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About The Conservative (Nebraska City, Neb.) 1898-1902 | View Entire Issue (Oct. 20, 1898)
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VOL. i. NEBRASKA CITY , NEB. , THURSDAY , OCTOBER 20 , 1898. NO. 15.
.OFFICES : OVERLAND THEATRE BLOCK.
.1. STERLING MORTON , Em-roH.
A .1OUHNA1. I1EVOTE1) TO THE DISCUSSION
OF POLITICAL , ECONOMIC AND SOCIOLOGICAL
TERMS OF SUBSCRIPTION.
Ono dollar niul u luvlf per year , in advance ,
postpaid , to any parfc of the United States or
Canada. Remittances made payable to The
Morton Printing Company.
Address , THE CONSERVATIVE , Nebraska
City , Nob.
Advertising Rates made known upon appli
Entered at the postolllce at Nebraska City ,
Nob. , as Second Claws mutter , July 211th , 185(8. (
BEGIN AT HOMK.
HOMK.enthusiasts w h o
yearn to evangelize the world with the
civilization and Christianity of the
United States are morally and intellec
tually very near-sighted. They see with
distinctness distress and barbarism in
Cuba and their eyes penetrate the Phil
ippine Islands and discern the need of
the humanizing influences of the Amer
ican republic among the Malays and
other barbarians who inhabit them.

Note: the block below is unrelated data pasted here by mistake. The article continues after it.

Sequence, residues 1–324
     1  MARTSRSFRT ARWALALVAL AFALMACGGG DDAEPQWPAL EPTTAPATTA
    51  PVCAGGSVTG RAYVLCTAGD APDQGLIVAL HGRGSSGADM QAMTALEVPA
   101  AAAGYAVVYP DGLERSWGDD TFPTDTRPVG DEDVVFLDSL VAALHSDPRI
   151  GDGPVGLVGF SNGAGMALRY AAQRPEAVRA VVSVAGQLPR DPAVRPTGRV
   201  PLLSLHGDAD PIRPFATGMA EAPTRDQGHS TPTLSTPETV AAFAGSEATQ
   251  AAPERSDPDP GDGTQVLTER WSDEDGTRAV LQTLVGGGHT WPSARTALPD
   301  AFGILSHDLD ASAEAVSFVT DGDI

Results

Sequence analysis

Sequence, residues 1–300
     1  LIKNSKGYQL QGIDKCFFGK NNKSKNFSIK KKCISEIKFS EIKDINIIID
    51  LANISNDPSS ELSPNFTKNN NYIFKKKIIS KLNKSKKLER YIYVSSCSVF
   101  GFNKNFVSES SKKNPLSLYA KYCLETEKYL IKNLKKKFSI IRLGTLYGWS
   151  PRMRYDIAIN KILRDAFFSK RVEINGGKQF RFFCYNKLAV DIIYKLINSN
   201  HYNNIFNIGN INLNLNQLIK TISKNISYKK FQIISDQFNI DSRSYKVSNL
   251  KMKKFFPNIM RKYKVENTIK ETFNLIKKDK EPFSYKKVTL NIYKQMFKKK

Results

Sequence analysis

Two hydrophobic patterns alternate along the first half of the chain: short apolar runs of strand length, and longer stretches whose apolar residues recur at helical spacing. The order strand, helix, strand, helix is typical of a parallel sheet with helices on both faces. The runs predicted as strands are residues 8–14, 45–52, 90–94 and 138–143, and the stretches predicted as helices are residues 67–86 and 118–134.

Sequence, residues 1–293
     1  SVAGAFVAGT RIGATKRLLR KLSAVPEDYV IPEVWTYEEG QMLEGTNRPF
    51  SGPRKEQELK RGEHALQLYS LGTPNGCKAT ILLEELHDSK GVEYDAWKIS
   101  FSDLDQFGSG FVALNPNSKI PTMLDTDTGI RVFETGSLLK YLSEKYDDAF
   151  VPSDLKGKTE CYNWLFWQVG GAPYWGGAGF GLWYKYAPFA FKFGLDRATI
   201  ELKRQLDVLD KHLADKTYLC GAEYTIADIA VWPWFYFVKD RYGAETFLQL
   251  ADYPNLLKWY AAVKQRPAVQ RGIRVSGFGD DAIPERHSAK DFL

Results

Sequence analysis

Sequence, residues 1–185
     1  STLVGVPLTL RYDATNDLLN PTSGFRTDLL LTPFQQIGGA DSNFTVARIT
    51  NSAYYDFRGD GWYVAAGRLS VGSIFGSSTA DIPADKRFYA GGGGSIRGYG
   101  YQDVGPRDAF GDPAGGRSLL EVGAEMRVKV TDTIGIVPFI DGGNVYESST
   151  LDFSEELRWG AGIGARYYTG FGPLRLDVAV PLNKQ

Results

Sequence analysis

But it never , seemingly , occurs to these
philanthropists that here in the United
States there is a constant demand for
better civilization and better govern
ment. They never for a moment real
ize the fact that
ment in this Republic has not yet passed
the experimental stage. Nor do these
good altruists ever pause to consider that
the problem of "a government by the
people of the people , and for the people"
is only in process of solution but not
solved , and that it must be complicated
by the absorption of the savages and
barbarians whom they so long to bene
fit by our institutions.
Neither West Indian negroes nor the
native inhabitants of the Pacific Islands
are competent to become members of a
representative form of government
which must depend for its usefulness
and perpetuity upon the virtue and in
telligence of its people.
If some of these long-sighted and
far-away-reaching patriots would begin
their search for opportunities to Chris
tianize and properly citizenize human
beings among the coal strikers of Illi
nois and those who are shooting them as
though they were Spaniards their quest
would not b6 in vain. Until protection
to men , women and children who live
in Illinois and belong to either the em
ploying or the employed class has been
permanently secured as against mobs
and riots , citizens of the United States
may with modesty and moderation re
frain from attempting to govern out
While peaceable reservation Indians
in Minnesota are being unjustly driven
from homes which they have occupied
and improved for more than a genera
tion the government whioh permits
such inhumanity does not pose well as
the only proper agent to remedy the
ills which have fallen iipou the subjects
of Spain or of any other monarchy.
The old proverb , "Charity should be
gin at home , " formulates itself in every
thoughtful mind and deliberate patriot
ism everywhere ponders upon the policy
and propriety of the government of the
United States undertaking to act as
guardian and warder for all the unfor
tunate and oppressed of other nations
while it is yet unable to assure constant
and permanent justice and equality to